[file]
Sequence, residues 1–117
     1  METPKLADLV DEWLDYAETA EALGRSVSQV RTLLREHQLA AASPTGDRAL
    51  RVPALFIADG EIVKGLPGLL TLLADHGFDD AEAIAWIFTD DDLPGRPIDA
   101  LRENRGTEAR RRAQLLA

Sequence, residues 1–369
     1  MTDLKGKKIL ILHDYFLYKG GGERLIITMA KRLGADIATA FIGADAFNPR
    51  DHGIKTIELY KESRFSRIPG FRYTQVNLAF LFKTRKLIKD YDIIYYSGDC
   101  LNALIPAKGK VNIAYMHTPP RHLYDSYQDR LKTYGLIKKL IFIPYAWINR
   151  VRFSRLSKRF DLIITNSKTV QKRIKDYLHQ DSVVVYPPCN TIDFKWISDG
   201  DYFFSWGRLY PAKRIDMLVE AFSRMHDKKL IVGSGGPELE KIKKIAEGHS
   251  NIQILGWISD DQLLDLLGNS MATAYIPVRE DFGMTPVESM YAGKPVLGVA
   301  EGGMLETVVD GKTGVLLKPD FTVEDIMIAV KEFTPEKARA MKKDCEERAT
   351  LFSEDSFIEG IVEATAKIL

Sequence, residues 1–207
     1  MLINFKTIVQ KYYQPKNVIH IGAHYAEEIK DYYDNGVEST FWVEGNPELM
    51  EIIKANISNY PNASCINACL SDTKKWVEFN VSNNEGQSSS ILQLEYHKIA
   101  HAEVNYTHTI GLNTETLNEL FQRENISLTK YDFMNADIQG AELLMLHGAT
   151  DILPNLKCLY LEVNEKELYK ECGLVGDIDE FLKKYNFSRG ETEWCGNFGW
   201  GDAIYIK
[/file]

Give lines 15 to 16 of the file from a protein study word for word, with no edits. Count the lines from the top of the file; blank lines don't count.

     1  MLINFKTIVQ KYYQPKNVIH IGAHYAEEIK DYYDNGVEST FWVEGNPELM
    51  EIIKANISNY PNASCINACL SDTKKWVEFN VSNNEGQSSS ILQLEYHKIA